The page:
Gold prices surged in August from one new all-time high to the next. Despite a swift correction near the end of the month that carried gold back down some $200 or so an ounce from its record high near $1,911, I’m confident gold’s long-term uptrend will continue in the months and years ahead, ultimately reaching a multiple of today’s record level.
In the immediate future, gold may resume its supercharged advance, settle into a new trading range or plummet further as technical traders take profits and physical buyers pause for a break.
The recent sizable correction should have come as no surprise. After all, even strong bull markets never move up in straight lines. After gold’s recent meteoric performance, I expected gold might tumble back to earth — falling back $100, $200 or even $300 — before prices begin working their way higher once again. The days ahead should provide clues as to whether the correction has already run its course. Much depends on news from the Federal Reserve and the European Central Bank about forthcoming changes.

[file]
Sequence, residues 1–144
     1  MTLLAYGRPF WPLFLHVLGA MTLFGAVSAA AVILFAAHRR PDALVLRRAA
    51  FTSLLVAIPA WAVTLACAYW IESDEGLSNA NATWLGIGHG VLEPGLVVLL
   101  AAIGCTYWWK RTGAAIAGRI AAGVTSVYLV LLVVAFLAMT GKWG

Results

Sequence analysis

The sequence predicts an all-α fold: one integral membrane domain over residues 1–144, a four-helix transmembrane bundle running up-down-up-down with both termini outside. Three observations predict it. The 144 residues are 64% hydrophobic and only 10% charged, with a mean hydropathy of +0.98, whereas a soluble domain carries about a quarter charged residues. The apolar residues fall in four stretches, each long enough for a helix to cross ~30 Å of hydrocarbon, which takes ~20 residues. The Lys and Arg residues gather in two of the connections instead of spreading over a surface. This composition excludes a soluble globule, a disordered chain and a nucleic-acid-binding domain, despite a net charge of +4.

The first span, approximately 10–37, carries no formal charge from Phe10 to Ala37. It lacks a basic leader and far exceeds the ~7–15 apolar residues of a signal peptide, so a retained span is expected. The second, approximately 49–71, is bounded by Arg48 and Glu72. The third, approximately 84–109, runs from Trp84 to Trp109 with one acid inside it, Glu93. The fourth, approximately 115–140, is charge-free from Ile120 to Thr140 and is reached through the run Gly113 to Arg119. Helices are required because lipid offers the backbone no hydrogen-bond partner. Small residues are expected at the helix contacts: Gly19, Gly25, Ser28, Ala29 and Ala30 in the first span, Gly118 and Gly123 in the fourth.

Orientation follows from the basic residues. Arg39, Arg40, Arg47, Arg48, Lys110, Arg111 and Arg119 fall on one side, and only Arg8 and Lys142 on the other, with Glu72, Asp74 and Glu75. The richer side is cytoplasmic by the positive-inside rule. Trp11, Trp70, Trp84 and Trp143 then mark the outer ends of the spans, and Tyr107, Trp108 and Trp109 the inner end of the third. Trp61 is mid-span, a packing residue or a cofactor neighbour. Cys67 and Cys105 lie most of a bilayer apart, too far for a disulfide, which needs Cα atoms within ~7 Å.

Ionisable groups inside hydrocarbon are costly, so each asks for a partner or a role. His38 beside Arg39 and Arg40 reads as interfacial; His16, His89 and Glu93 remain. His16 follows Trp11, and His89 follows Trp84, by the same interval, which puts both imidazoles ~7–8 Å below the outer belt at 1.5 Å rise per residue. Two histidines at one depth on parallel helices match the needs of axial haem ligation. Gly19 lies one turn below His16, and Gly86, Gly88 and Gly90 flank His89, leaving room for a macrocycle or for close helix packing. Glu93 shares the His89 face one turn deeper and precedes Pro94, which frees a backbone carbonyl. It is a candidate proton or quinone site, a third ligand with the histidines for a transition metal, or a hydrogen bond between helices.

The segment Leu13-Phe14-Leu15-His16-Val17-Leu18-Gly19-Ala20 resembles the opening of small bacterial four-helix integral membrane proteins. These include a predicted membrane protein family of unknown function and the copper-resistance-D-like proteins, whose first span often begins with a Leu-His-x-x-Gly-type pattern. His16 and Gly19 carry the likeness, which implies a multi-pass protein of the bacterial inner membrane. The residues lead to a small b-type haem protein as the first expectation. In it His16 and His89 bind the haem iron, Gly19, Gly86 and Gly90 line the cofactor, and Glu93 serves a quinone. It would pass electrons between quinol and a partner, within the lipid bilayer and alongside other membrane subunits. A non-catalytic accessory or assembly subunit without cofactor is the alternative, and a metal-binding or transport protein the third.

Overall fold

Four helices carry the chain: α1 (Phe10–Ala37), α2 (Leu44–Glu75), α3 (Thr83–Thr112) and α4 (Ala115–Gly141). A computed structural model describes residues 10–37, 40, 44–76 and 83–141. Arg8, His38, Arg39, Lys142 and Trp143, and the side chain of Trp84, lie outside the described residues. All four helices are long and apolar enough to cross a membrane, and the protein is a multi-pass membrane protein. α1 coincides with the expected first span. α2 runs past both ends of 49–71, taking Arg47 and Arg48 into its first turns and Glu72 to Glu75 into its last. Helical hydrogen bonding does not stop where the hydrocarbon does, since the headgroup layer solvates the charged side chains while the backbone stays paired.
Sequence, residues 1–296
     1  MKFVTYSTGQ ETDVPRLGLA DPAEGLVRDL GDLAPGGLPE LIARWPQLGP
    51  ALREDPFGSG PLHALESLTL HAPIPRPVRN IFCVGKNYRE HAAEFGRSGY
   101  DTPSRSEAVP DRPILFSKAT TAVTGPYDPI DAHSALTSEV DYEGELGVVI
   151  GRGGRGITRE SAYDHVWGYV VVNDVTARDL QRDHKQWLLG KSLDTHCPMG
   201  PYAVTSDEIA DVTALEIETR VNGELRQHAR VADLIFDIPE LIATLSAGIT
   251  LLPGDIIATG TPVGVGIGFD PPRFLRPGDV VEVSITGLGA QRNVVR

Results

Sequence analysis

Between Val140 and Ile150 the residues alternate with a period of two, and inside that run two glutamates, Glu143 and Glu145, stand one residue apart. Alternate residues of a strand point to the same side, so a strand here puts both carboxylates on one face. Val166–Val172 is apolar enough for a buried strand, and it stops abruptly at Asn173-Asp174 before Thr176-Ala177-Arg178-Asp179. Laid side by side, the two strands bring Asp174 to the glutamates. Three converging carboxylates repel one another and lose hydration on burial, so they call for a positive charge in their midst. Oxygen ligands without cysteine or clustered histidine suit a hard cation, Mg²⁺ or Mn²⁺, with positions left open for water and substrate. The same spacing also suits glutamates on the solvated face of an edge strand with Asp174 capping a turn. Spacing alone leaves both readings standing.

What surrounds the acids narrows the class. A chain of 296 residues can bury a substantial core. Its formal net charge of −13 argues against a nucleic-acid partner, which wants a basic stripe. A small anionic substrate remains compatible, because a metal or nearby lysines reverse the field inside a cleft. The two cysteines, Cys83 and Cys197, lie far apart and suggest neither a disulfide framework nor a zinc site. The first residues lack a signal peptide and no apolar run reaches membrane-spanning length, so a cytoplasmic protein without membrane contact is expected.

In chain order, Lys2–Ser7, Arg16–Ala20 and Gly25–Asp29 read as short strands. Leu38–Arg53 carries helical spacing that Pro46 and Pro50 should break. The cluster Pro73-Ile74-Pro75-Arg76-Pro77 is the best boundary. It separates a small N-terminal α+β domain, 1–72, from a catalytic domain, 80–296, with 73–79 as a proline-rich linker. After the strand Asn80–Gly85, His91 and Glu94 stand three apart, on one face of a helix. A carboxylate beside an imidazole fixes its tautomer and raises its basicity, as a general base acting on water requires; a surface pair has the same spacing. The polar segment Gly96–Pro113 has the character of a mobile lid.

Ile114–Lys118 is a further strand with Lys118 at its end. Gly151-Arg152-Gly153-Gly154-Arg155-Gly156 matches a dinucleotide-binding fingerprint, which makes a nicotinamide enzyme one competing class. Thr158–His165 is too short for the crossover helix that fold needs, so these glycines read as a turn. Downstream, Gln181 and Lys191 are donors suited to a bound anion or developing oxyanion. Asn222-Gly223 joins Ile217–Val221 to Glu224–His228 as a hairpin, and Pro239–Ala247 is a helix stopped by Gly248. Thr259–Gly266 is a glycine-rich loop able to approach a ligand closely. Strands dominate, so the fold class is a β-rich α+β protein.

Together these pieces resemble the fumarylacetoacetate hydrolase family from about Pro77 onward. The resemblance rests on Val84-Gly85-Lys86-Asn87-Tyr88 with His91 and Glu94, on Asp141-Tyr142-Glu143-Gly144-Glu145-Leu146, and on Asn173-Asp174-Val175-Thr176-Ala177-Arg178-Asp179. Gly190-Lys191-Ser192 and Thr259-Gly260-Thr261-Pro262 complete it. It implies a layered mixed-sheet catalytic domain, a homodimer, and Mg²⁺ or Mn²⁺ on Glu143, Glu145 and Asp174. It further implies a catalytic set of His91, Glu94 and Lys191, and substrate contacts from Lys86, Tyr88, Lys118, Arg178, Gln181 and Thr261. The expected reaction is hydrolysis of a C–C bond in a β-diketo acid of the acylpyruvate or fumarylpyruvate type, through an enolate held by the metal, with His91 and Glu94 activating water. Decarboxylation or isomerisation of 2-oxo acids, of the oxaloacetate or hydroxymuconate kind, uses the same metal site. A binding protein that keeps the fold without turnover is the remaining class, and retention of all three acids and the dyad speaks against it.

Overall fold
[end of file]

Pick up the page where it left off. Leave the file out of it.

Limited downside risks
Gold will soon begin to benefit from increased seasonal demand — demand that should support the yellow metal’s price and limit downside risks right through New Year’s Day.
For sure, irrespective of the season, Asian demand — principally from China and India — for physical metal will continue to underpin these markets and limit downside risks as buyers step-up on any sharp price dips that may occur.
So, too, will bargain hunting by a number of central banks eager to raise their official gold holdings without disrupting the world gold market by increasing upward price volatility.
There is no reason to believe that the forces and factors pushing gold higher are simply going to disappear anytime soon. I’ve been talking about many of these for years. I expect I’ll still be talking about them for years to come.
At the top of my list of bullish forces supporting the long-term gold-price uptrend are:
(1) Recognition of recessionary trends in the industrial economies and the implications for future monetary policy.